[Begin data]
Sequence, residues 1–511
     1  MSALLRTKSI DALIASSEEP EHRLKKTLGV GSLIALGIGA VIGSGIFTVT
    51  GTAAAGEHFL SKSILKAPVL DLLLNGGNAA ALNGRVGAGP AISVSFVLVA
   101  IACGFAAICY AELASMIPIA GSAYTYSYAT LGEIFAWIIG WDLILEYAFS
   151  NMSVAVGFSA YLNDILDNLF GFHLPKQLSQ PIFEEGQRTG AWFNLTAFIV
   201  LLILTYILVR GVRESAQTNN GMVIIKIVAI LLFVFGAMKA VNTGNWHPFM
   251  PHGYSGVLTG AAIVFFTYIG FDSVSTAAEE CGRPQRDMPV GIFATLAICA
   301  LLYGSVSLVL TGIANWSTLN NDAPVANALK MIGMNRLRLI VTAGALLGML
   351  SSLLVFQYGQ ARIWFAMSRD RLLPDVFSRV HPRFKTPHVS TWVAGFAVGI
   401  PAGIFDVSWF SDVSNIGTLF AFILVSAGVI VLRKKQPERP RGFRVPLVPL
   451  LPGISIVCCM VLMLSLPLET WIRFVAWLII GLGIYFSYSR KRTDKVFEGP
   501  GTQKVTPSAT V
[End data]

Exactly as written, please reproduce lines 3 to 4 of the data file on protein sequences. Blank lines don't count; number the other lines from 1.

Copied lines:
    51  GTAAAGEHFL SKSILKAPVL DLLLNGGNAA ALNGRVGAGP AISVSFVLVA
   101  IACGFAAICY AELASMIPIA GSAYTYSYAT LGEIFAWIIG WDLILEYAFS